I am trying to save CLLocation data in Core Data. My property is set as a Transformable object.

Some sample code out there indicates one can save the location data using this objc converted to an NSValue.

CLLocationCoordinate2D myLocation;
NSValue *locationValue = [NSValue valueWithBytes:&myLocation objCType:@encode(CLLocationCoordinate2D)]
// then put locationValue into storage - maybe an ObjC collection class or core data etc.

Retrieving the object from the data store is supposed to work using this paradigm.

CLLocationCoordinate2D myLocation;
NSValue *locationValue = // restored from your database or retrieved from your collection class
[locationValue getValue:&myLocation];

I am attempting to extrapolate on this idea and capture the entire CLLocation object into an NSValue stored in CoreData, with the goal to recover the CLLocation object from the store at a later time.

While testing various methods I have found nil returned when trying to unwrap a CLLocation object from a Core Data Store. I am placing a CLLocation object into the store using the following:

//verified that I have a good CLLocation here
newManagedObject.setValue(location as CLLocation, forKey: "location")

Later I attempt to unwrap the CLLocation

let location = detail.valueForKey("location")! as CLLocation

But I find that the object does not unwrap properly.

cllocation

The unwrapped object looks like:

(CLLocation) location = 0x00007fff59537c90 {
  ObjectiveC.NSObject = {}
}

So any use of the CLLocation object at this point returns the "found nil... error"

Am I missing something obvious about storing/retrieving CLLocation objects using Swift?

UPDATE

Daniel's answer helped me realize that NSValueTransformer was not going to work for me so I went back to an approach I've used before. Basically encode the object graph using NSKeyedArchiver. My goal, as always, is to use the simplest possible solution so I chose not to use managed object subclasses since the properties I need are already in the existing CLLocation object. I changed the transformable field to Binary Data with the option checked (Store in External Record File). I set out to test this process with minimal changes to the master detail template.

data-model

Saving the CLLocation Object Graph

//assuming location is a valid CLLocation and data model has a binary data field
let archivedLocation = NSKeyedArchiver.archivedDataWithRootObject(location)
newManagedObject.setValue(archivedLocation, forKey: "location")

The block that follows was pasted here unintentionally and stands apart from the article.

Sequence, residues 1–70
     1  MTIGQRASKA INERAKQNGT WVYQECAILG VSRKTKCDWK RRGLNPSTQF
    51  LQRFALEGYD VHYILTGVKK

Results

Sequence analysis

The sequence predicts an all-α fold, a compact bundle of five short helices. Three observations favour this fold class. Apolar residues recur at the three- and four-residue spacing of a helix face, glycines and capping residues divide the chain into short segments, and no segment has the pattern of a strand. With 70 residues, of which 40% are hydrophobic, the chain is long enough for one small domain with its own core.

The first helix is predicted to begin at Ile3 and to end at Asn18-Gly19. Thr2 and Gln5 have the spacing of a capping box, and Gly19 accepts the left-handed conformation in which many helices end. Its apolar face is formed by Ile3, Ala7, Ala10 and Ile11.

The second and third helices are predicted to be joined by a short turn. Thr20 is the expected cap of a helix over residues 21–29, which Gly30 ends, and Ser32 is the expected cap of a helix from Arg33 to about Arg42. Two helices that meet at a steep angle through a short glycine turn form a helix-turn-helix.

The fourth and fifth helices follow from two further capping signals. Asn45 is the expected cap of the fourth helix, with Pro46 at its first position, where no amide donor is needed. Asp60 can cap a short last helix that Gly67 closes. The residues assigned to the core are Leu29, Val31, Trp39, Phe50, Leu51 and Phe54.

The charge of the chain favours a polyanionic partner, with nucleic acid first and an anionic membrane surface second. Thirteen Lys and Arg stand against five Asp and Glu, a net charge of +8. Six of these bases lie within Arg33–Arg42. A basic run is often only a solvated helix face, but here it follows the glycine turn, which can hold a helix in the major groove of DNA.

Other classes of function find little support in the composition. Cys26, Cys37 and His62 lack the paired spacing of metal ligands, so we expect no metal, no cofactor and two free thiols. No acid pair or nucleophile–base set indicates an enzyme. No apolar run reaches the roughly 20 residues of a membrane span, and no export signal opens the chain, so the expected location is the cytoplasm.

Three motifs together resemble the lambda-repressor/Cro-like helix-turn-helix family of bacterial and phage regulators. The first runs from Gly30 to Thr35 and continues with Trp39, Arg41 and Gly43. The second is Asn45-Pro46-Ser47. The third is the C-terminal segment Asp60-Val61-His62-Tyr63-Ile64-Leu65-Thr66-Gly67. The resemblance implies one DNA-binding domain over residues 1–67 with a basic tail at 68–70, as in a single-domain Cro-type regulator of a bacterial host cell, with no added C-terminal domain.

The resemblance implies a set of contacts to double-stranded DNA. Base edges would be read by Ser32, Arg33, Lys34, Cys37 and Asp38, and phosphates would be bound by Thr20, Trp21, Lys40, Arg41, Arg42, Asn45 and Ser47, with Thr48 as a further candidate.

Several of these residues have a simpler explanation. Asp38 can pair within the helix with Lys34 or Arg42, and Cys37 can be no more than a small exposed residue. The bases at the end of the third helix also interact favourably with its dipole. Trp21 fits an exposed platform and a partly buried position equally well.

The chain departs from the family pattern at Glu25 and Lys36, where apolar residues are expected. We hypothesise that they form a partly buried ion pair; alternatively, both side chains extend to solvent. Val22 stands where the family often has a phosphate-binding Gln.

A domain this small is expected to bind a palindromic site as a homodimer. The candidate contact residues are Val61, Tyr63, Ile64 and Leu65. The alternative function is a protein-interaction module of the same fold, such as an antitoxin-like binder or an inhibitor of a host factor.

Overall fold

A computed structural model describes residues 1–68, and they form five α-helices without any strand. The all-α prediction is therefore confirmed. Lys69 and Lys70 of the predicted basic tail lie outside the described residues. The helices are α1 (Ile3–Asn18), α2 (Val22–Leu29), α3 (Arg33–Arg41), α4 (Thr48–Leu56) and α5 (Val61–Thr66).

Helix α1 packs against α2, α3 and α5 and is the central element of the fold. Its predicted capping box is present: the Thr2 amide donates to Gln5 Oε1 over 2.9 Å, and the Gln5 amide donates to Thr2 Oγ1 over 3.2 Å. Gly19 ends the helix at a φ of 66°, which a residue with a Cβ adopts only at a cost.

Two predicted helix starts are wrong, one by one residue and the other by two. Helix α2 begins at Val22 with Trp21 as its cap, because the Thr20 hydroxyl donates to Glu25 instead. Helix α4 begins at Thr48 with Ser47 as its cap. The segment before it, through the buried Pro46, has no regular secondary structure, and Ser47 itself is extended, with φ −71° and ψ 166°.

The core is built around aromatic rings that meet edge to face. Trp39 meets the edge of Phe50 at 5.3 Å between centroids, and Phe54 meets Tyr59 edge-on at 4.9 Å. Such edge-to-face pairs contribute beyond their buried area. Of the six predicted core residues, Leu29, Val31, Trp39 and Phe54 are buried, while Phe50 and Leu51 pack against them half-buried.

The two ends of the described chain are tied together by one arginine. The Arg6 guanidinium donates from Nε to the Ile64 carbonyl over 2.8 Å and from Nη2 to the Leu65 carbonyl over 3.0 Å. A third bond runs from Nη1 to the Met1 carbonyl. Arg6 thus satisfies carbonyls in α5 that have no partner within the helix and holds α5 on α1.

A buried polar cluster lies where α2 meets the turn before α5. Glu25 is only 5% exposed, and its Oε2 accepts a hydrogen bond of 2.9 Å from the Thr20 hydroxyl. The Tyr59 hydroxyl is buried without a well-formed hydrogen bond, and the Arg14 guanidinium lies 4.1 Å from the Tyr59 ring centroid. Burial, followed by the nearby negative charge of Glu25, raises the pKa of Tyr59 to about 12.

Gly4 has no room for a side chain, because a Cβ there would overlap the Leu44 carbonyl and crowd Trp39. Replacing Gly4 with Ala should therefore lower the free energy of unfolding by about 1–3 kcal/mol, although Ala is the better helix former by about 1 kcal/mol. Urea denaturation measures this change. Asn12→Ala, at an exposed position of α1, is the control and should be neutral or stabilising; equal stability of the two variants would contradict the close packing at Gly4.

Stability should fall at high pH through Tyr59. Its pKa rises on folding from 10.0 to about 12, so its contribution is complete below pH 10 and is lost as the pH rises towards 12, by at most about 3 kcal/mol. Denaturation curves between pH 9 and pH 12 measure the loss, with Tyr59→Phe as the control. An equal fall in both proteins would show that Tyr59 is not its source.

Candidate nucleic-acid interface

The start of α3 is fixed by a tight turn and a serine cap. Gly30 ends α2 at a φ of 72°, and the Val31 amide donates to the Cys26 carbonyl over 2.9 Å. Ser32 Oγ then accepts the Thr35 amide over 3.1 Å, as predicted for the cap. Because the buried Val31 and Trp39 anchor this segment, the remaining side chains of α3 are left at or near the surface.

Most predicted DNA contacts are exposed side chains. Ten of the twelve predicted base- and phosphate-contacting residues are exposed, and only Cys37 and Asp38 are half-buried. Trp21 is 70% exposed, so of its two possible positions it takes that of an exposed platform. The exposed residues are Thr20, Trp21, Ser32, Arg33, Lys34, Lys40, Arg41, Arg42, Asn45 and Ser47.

Recovering the object graph from the data store

On the main vc as part of the default prepare for segue the data is recovered via the fetch controller.

let object = self.fetchedResultsController.objectAtIndexPath(indexPath) as NSManagedObject
let controller = (segue.destinationViewController as UINavigationController).topViewController as DetailViewController
                    controller.detailItem = object 

On the detail vc I unwrap my object graph using NSKeyedUnarchiver

var lc = NSKeyedUnarchiver.unarchiveObjectWithData(detail.valueForKey!("location") as NSData) as CLLocation
  • Under 'Saving the CLLocation Object Graph' what is newManagedObject? Can you show the line of code where you initiate that? Thanks. – SMPLGRP Dec 29 '16 at 17:00
up vote 3 down vote accepted

What you are missing is that NSValue is for storing types, i.e., contiguous blocks of memory, not objects. CLLocation is an object.

In order to store a CLLocation in core data, you will have to store each of the properties. An alternative is to use a Coder.

  • Thank you, this was very useful. I decided to archive the entire object wrapped into a data field. So ends the experiment with NSValueTransformer :) – Tommie C. Nov 9 '14 at 15:22

You will have much less trouble when you create a NSManagedObject subclass for the CLLocation objects. Then create methods for storing and retrieving for convenience:

import Foundation
import CoreData
import CoreLocation

class LocationPoint: NSManagedObject {

    @NSManaged var latitude: NSNumber!
    @NSManaged var longitude: NSNumber!
    @NSManaged var altitude: NSNumber!
    @NSManaged var timestamp: NSDate!
    @NSManaged var horizontalAccuracy: NSNumber
    @NSManaged var verticalAccuracy: NSNumber
    @NSManaged var speed: NSNumber
    @NSManaged var course: NSNumber

    func initFromLocation(location: CLLocation) {
        self.latitude           = location.coordinate.latitude
        self.longitude          = location.coordinate.longitude
        self.altitude           = location.altitude
        self.timestamp          = location.timestamp

        self.horizontalAccuracy = location.horizontalAccuracy > 0.0 ? location.horizontalAccuracy : 0.0
        self.verticalAccuracy   = location.verticalAccuracy > 0.0 ? location.verticalAccuracy : 0.0
        self.speed              = location.speed > 0.0 ? location.speed : 0.0
        self.course             = location.course > 0.0 ? location.course : 0.0
    }

    func location() -> CLLocation {
        return CLLocation(
            coordinate: CLLocationCoordinate2D(latitude: self.latitude.doubleValue, longitude: self.longitude.doubleValue),
            altitude: self.altitude.doubleValue,
            horizontalAccuracy: self.horizontalAccuracy.doubleValue,
            verticalAccuracy: self.verticalAccuracy.doubleValue,
            course: self.course.doubleValue,
            speed: self.speed.doubleValue,
            timestamp: self.timestamp
        )
    }

You have to set up your data model with an entity according to this class.

  • 1
    Thanks zisoft, nothing wrong with this solution, however I prefer keeping things as simple as possible. I avoid NSManaged Object subclasses when possible. I ended up using NSKeyedArchiver to capture the object graph for CLLocation per the update in the question. – Tommie C. Nov 9 '14 at 15:40

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